Tuesday, March 27, 2012

Spring Has (Almost) Sprung!

Well, we have been getting ready for Spring this week on the homestead. We have ordered our seeds, measured the garden, and constructed our cold frame. Last year when we started our seeds, we started them in the house. This worked out ok, however they didn't receive enough sunlight, and they were in constant danger of being eaten by Bob (the cat). So this year we realized we needed to do something different, and decided to build a cold frame.

                                                  Here is a picture of the finished product:

The frame will work like a miniature green house, the sun shines through the plastic and heats everything up and is trapped. Plants thrive in a warm, bright place so it will be perfect for starting them when it still is too early to put them in the ground. A huge benefit to having a cold frame in a colder climate like we live in is that it will extend our growing period. It is hard to judge when the last frost will be here in Michigan, so we will be able to start our plants early without having to worry about losing them to frost.

We took a trip to our nearest Menard's to purchase supplies. After a lot of research we found that Menard's was the most cost efficient place to get twin-wall polycarbonate (a.k.a.: greenhouse plastic). We considered using old windows as a substitute for the Polycarbonate, however since we built it onto the side of the house, we risk losing them to the icicles in the winter. If you were to build one independent from your house however, using old windows is a popular choice, and a great way to recycle.

Our materials included:
And a few miscellaneous hardware items. (Nuts, bolts, screws, etc.)

We (and when I say we, I mean Cody) built the frame on the side of the house as we are going to use it as a passive solar air exchanger in the winter, so we really only built 3 sides. We did have to remove the siding from that part of the house, but we are going to reuse that siding to cover the area that we added the pantry to.

                                          Cody pulling off the siding where the frame will be:

Cody didn't have any sort of blueprint for the frame, so he just built it to fit our needs. It only took about 2 days, and the whole project cost us about $200. First he built the frame and added the plywood to seal the ends. Then Erin painted the frames to match the house. Once the paint was dry Cody insulated the ends and stapled foil insulation around the entire inside. Next he added the Polycarbonate sheets to the top, attaching them with the hinges so we can easily access the inside. Lifting the sheets will also work as ventilation for the plants later in the spring when it gets warm enough. It provides us with approximately 48 square feet of growing space. We built it on the South side of the house for maximum sun exposure.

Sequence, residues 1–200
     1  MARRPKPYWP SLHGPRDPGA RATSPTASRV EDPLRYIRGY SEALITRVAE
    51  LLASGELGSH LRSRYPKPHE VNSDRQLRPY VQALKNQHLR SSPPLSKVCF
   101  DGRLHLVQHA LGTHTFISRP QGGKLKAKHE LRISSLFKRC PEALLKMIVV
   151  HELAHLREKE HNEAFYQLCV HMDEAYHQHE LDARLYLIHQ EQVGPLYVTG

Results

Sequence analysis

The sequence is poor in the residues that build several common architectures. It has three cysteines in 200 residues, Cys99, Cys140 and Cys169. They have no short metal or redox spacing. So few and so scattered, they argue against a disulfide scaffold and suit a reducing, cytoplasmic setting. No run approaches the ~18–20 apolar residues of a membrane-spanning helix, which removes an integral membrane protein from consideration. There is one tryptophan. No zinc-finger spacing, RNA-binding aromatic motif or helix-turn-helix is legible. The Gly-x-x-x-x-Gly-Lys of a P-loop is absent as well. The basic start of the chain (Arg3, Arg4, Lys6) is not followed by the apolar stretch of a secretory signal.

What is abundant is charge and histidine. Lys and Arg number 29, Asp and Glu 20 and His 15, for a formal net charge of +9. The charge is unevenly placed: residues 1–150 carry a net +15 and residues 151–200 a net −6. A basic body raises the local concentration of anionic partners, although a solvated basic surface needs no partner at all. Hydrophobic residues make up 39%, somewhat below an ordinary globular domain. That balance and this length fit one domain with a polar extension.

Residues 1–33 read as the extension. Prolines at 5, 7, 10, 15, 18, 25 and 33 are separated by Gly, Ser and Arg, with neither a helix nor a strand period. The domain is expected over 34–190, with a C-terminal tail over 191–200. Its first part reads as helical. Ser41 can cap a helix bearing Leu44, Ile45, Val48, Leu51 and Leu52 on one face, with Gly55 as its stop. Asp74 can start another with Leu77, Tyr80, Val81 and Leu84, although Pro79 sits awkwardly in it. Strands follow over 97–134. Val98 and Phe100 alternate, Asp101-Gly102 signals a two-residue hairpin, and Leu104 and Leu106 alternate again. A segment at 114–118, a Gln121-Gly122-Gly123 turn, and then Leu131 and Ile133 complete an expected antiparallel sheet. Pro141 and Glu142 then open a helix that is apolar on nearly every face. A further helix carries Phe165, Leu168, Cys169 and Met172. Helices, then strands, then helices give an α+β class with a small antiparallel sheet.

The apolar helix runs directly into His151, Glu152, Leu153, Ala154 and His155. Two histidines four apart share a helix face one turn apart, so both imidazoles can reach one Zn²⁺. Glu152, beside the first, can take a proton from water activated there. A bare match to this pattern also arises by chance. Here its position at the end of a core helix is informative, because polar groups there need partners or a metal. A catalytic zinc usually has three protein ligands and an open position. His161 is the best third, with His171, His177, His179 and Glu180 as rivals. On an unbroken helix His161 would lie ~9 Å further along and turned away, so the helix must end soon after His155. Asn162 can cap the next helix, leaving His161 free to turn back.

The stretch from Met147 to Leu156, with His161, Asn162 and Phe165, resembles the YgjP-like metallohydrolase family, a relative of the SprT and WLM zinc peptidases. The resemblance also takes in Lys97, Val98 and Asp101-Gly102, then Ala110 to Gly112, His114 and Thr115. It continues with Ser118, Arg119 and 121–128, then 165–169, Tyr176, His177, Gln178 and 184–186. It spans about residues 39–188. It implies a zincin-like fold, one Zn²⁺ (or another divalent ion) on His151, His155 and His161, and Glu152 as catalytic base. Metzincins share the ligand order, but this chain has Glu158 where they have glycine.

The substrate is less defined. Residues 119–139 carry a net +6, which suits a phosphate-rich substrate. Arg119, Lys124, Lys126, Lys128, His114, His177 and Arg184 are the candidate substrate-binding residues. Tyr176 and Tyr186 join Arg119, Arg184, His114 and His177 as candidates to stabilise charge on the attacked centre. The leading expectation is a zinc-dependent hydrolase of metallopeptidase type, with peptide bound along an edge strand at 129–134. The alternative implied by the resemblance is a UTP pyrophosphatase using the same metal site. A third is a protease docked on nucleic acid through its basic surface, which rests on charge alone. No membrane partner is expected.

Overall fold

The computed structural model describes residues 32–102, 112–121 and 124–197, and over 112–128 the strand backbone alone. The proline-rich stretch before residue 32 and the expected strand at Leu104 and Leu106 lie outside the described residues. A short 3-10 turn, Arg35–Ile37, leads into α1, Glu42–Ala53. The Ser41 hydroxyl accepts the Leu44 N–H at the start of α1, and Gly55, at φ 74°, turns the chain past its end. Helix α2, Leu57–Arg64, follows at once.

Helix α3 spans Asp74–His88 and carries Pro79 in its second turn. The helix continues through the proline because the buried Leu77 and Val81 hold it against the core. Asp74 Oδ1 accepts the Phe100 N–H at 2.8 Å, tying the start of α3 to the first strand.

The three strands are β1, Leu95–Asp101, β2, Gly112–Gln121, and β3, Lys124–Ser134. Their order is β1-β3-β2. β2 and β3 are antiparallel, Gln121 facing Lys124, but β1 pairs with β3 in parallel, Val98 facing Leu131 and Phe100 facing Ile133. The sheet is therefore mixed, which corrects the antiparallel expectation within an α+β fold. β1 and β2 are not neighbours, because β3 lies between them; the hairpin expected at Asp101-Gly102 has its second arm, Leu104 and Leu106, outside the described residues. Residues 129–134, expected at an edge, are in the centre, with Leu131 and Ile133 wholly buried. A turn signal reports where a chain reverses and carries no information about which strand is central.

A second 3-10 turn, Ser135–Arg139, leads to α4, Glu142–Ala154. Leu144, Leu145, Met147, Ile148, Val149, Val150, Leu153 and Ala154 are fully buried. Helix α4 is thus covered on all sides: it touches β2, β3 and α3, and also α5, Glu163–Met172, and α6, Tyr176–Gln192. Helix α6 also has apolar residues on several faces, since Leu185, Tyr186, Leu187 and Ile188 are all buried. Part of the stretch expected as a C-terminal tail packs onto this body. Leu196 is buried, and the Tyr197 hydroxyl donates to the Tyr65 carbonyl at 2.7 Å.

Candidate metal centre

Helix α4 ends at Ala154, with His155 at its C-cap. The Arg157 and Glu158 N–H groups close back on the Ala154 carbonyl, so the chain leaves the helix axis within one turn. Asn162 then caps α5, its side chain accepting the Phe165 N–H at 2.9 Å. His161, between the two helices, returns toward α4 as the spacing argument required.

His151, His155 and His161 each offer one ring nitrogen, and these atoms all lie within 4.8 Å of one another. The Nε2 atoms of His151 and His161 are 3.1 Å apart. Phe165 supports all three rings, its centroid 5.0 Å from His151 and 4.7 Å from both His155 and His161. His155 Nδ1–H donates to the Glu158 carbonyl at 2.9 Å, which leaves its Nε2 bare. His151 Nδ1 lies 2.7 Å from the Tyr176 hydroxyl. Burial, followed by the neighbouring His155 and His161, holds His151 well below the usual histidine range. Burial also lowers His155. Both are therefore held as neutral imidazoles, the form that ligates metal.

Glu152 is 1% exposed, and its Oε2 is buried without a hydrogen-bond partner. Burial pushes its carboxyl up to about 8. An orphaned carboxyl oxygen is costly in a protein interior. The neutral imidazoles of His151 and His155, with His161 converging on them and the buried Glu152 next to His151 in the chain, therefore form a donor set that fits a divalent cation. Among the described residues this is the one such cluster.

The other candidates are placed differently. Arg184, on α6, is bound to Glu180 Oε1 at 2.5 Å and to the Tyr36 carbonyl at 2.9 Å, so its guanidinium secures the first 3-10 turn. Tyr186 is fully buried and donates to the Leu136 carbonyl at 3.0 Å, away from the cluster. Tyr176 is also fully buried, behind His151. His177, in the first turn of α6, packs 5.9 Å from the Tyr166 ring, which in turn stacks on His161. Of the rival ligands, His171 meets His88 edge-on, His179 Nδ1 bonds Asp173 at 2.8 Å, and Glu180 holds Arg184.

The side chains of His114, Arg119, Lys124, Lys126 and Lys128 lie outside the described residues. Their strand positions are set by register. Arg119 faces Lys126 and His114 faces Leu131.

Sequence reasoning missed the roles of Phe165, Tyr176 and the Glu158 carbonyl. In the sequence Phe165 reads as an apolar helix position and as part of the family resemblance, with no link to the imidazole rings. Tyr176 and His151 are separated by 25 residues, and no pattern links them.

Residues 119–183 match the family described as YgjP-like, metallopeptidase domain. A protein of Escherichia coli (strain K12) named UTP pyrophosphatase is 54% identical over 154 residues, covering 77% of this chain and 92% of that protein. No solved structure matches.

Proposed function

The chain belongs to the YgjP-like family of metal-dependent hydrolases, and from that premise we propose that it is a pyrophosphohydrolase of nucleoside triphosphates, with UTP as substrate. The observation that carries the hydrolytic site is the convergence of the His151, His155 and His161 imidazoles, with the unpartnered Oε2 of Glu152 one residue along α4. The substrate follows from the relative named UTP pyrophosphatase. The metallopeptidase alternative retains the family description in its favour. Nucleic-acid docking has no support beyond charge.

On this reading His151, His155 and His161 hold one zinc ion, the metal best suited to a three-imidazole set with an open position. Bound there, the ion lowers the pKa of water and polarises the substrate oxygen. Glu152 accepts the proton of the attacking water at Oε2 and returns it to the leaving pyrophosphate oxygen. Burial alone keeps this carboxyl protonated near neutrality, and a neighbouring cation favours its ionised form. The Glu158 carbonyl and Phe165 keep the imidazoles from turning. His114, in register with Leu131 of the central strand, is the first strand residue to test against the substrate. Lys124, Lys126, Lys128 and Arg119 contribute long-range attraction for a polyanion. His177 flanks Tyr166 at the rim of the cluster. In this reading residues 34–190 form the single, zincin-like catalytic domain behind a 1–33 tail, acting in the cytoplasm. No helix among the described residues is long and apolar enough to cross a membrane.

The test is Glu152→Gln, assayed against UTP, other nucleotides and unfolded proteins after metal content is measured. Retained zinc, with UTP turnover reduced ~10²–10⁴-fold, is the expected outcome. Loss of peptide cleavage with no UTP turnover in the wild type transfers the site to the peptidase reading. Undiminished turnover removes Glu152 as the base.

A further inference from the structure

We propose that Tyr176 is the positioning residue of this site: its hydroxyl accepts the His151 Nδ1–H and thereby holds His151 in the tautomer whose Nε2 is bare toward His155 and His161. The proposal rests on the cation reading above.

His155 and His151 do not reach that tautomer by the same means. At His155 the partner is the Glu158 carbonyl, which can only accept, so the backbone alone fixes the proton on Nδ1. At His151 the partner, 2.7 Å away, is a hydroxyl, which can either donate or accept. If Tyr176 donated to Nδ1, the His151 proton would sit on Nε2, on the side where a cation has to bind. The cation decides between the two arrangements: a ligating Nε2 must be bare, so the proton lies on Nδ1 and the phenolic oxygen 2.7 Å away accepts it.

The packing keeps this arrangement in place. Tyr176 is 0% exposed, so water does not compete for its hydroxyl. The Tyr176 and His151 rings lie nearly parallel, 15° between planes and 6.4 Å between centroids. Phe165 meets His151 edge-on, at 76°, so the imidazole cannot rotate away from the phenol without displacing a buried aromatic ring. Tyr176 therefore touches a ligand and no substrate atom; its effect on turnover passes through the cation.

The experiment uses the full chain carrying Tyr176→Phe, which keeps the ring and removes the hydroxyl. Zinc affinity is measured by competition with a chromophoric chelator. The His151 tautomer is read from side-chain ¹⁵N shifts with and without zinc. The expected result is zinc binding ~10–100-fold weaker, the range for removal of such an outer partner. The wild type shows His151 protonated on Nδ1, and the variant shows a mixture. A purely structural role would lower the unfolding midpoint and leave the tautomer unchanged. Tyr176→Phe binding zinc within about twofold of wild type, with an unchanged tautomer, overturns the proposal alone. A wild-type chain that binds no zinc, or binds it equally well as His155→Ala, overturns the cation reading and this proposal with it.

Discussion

Another view of the finished frame:

Now that we got this project done we are really looking forward to starting out plants! Since our season will be extended and it will protect them from frost we will be able to start them soon!

Monday, March 12, 2012

It IS Easy Being Green......

Kermit the Frog has been telling us for years "It's not easy being green." Well, we are here to tell you, Kermit is wrong. As a matter of fact, it IS easy being green! This past week we have been working on simple projects around the house that make living green an easy thing to do! Of course we have been recycling, and cutting back on paper towels and other disposables, which are a few easy ways to be green but we decided to take it a little farther with some DIY projects that make green living easy.

The first project we tackled was to replace our current porch light with a motion sensing light. This is a greener option because it conserves energy and saves on electricity. We would turn on the old light when we left the house so that we could see when we got home after dark, and it stayed on the entire time, wasting electricity. The motion sensing light still runs through the old light switch so that we can still turn it on only when we want it, but it doesn't draw power the entire time because the light only comes on when it senses motion. The nice thing about this light is that you can set the length of time that you want the light shining for, and the sensitivity so that it doesn't come on every time the wind blows!

In this picture, Cody is wiring the new light into the old wiring, so we can use the same switch! (Please pardon the looks of the house, as we just bought it and it is a work-in-progress)

 Here is our new light!! It cost about $50 from Home Depot. It took about 15 minutes to hook up.

The next project we worked on was insulating the water heater and hot water pipes. Did you know you can buy a jacket for your water heater?? Apparently you can! This was a very simple and quick project that has made a noticeable difference in out water temperature already! The insulation of the water heater makes it so that the tank doesn't lose heat and doesn't re-heat the same water as often, wasting energy. The insulation of the pipes allows the water to stay at the maximum temperature all the way to your faucet, thus minimizing the amount of hot water you need. It cost about $35 dollars for the supplies, and took about 2 hours to complete.